Lynn Henning covers the lack of Tiger games on TV again this year, and rips the Ilitchs in the process.
The Tigers are notorious for having been latecomers to the table. It was the biggest reason why Channel 50 had to say sayonara a year ago. A television station needs, at some point, to get on with its programming life. Why Ilitch fails, annually, to understand this is hard to fathom.
Channel 50 ran into another dead-end during the offseason. Net result: Those folks who can’t swallow a monthly cable bill — and they are many — can stretch their imaginations and visualize what the field and the players look like as they tune into Dan Dickerson and Jim Price on local radio. That is, assuming you’re in one of those areas where radio reception along the Tigers network isn’t fuzzy or non-existent.
We’re not finished. FSN Detroit would have at least soothed the cable-payers with its ambitious offer: 140 games, minimum, for 2006. FSN’s lavish package moved up the ladder at Tigers headquarters and straight to Ilitch’s office. There it died, for reasons no one seems to understand.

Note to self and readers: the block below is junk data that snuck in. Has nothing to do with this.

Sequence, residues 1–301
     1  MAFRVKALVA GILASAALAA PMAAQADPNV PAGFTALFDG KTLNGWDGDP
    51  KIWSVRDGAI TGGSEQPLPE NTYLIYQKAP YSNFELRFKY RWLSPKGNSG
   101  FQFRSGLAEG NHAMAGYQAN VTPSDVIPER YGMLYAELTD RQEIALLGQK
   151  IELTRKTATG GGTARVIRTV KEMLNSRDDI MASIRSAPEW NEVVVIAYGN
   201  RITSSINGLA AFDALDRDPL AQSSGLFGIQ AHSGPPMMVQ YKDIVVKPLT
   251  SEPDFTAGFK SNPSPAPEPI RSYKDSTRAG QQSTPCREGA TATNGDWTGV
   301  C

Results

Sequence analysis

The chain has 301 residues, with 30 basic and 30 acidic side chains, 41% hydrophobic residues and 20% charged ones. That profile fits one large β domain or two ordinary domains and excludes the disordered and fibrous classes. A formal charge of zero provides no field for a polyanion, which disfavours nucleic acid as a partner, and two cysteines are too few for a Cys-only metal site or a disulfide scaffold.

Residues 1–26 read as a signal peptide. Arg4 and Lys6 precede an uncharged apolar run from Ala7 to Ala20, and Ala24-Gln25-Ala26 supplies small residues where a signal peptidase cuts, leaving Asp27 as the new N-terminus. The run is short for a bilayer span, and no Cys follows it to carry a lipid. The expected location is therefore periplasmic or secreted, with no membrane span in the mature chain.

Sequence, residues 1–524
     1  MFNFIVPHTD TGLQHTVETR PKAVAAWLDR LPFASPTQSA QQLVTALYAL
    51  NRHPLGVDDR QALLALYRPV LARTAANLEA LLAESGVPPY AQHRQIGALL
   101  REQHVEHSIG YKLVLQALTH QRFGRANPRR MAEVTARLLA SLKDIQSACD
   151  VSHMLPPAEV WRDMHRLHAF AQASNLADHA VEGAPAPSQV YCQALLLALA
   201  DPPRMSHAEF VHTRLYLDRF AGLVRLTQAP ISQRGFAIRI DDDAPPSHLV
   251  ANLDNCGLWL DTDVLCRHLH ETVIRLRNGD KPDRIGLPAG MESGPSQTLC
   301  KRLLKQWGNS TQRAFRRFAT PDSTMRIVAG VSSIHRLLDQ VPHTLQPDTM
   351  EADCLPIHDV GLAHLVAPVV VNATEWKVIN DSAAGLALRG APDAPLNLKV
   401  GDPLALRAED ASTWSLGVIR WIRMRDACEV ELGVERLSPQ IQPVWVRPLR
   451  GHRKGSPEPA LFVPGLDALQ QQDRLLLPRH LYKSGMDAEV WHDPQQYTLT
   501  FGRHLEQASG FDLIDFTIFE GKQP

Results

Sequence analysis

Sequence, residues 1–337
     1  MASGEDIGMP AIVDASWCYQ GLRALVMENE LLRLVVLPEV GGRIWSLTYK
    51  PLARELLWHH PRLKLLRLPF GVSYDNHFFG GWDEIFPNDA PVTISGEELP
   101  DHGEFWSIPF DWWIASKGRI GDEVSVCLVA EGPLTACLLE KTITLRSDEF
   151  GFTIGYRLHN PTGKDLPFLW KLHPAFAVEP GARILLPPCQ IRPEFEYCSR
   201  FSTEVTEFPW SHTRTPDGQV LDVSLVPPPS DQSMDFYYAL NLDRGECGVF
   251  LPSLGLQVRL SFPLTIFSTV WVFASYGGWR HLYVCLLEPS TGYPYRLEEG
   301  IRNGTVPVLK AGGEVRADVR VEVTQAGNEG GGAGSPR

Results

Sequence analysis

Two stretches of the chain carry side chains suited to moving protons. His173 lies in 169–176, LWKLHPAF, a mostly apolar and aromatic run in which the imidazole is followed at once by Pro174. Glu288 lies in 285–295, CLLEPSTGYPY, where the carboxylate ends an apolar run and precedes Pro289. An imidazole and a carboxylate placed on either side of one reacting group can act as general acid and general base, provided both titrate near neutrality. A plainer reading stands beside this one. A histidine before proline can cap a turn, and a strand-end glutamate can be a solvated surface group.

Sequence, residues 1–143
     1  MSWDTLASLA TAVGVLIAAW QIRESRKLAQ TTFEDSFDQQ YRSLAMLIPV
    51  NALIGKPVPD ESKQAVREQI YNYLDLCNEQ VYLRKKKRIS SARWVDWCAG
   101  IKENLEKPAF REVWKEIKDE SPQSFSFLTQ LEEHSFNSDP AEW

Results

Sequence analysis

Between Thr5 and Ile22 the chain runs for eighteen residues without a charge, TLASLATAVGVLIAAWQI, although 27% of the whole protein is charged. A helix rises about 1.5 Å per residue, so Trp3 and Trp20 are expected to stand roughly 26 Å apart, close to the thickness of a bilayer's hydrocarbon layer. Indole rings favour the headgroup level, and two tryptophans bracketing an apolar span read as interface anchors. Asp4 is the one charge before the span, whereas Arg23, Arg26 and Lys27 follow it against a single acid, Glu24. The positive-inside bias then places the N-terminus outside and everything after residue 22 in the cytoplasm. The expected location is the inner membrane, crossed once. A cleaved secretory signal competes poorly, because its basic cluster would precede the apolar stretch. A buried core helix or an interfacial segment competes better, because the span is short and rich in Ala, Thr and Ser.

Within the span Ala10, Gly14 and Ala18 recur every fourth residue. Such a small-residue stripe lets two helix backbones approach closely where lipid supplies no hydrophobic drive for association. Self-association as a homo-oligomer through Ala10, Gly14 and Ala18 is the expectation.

Without knowing everything involved in the current contracts, I have to agree with Henning’s assessment. I know that sports teams are a business for the owner, but there is also an implied partnership with the fan base. While Ilitch has to do what’s best for his business, I can’t fathom how alienating a fan base that has deteriorated over a decade of losing can help the bottom line.
For Tiger fans who have been anxiously awaiting the start of the 2006 season, they will be treated to a televised game on April 3rd. After a day game on Wednesday, the April 6th game against the Rangers will be televised. But if you want to watch the Tigers over the weekend, you’re out of luck on Friday and Saturday. The same thing happens the following weekend. In fact, only 5 of the first 14 games are televised. While 4 of those not on the air are weekday afternoon games, there is no reason why the weekend games shouldn’t be available.
Fans want to support this team despite it’s recent history. It’s a shame that it is harder than it needs to be.